Part 1: 1450-1750
<---Part 2: 1750-1805
Part 3: 1791-1831
Part 4: 1831-1865

Narrative | Resource Bank | Teacher's Guide

Modern Voices
Betty Wood on Dumore's Proclamation and the fear of slave rebellion
Resource Bank Contents

Q: How did Dunmore's Proclamation play into the colonists' ever present fear of a slave rebellion?
Betty Wood

A: I think Dunmore's Proclamation raised the specter of slave rebellion not merely in Virginia but elsewhere in British America. Here, it seemed to enslaved people, was a concrete offer of freedom in exchange for risking life and limb on behalf of the British. Whether or not the British would ever have given that freedom at the end of the war, I think, was something that remained to be seen. But a little bit later on in the war, Lord Dunmore explained that, of course, these young African American men would not be given their freedom (once in the British army, forever in the British army), and suggested that he was actually doing slave owners a favor by removing potential rebels from the slave communities. But in the first instance, the proclamation, I think, reflected a military necessity. But the implications of that proclamation, I think, still had to be worked out as the war progressed.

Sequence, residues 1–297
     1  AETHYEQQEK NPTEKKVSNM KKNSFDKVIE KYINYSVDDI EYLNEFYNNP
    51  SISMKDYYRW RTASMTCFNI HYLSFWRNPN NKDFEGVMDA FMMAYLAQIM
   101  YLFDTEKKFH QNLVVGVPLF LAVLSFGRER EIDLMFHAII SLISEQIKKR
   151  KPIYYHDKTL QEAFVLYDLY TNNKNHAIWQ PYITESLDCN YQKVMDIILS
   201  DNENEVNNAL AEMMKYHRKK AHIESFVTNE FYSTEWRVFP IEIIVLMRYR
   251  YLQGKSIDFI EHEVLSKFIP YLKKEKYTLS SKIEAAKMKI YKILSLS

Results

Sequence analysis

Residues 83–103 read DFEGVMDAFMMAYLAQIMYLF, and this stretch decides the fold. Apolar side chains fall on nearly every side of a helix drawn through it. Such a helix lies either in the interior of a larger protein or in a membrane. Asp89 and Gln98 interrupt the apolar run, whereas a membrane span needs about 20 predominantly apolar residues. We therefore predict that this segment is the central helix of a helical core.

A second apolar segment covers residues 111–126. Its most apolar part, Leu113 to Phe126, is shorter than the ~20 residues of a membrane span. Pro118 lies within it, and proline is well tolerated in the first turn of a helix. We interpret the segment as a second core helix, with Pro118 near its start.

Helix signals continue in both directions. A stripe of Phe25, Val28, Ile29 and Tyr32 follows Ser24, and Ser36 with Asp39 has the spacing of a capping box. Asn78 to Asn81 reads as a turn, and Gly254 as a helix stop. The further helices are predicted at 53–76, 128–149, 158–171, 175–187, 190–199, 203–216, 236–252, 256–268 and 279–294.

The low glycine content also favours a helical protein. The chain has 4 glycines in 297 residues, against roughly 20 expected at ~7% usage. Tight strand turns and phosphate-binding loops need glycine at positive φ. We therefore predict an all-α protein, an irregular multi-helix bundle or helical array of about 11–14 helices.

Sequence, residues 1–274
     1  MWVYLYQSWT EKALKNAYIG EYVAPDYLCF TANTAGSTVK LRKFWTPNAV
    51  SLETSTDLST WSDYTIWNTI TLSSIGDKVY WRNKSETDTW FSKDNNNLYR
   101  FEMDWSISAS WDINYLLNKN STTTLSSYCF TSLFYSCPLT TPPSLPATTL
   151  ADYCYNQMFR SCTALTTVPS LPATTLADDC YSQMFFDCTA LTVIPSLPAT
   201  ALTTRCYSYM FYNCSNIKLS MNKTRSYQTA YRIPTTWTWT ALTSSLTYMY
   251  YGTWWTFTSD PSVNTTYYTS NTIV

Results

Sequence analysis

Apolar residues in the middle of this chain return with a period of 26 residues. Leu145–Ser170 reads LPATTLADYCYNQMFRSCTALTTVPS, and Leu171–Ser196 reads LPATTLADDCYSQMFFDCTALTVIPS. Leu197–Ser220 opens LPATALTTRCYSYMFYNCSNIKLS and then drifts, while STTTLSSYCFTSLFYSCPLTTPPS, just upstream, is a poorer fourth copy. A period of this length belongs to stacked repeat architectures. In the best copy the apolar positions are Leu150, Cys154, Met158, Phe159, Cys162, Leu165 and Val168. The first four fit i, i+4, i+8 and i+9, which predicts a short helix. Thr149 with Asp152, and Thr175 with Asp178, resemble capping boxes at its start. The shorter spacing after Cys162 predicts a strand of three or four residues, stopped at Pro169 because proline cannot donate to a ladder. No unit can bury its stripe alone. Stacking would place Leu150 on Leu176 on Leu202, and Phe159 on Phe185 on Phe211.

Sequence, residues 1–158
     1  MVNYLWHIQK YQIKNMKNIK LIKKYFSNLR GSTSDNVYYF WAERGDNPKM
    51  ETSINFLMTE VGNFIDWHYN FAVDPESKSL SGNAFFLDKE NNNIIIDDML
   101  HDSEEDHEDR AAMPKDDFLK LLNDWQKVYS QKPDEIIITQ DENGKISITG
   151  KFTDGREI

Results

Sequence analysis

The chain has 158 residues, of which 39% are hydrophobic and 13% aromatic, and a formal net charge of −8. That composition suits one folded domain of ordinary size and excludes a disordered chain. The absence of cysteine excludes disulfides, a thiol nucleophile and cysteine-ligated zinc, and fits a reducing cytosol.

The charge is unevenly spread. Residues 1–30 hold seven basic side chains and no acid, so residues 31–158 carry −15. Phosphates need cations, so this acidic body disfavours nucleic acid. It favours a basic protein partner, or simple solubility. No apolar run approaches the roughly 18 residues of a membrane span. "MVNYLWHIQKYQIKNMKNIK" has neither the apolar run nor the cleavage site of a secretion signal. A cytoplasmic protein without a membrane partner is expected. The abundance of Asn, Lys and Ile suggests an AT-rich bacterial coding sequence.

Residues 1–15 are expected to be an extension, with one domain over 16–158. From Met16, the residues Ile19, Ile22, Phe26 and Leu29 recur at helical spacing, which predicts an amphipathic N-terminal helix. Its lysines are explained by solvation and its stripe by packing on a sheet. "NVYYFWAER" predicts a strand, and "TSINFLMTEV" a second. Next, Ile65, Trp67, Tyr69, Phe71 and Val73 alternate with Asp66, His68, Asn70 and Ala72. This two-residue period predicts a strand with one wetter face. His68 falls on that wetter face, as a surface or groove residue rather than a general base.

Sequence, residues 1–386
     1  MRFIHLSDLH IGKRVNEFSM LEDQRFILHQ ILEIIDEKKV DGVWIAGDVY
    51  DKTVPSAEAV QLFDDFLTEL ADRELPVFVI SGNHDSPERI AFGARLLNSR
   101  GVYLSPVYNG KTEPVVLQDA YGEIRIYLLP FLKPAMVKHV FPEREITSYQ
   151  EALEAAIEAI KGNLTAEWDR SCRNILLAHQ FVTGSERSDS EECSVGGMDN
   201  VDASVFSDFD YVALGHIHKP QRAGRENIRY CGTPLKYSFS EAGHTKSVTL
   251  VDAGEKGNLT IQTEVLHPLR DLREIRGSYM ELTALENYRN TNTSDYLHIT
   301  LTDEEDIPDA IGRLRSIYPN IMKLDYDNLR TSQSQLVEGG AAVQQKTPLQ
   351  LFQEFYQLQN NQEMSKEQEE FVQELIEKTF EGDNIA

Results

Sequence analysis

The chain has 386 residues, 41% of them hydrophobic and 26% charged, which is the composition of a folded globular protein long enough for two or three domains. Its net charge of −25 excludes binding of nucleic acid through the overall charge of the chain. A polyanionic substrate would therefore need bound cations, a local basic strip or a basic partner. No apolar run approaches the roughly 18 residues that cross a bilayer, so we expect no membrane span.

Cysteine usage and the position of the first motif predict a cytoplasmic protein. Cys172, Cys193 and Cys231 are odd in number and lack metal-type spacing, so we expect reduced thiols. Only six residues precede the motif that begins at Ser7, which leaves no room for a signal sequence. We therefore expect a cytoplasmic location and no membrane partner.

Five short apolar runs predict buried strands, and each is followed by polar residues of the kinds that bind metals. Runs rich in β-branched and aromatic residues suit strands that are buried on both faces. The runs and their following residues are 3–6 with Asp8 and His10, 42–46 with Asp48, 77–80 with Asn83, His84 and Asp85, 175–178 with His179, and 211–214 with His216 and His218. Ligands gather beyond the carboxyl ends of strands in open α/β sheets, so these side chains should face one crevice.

Betty Wood
Professor of History
Oxford University

previous | next

Part 2: Narrative | Resource Bank Contents | Teacher's Guide

Africans in America: Home | Resource Bank Index | Search | Shop

WGBH | PBS Online | ©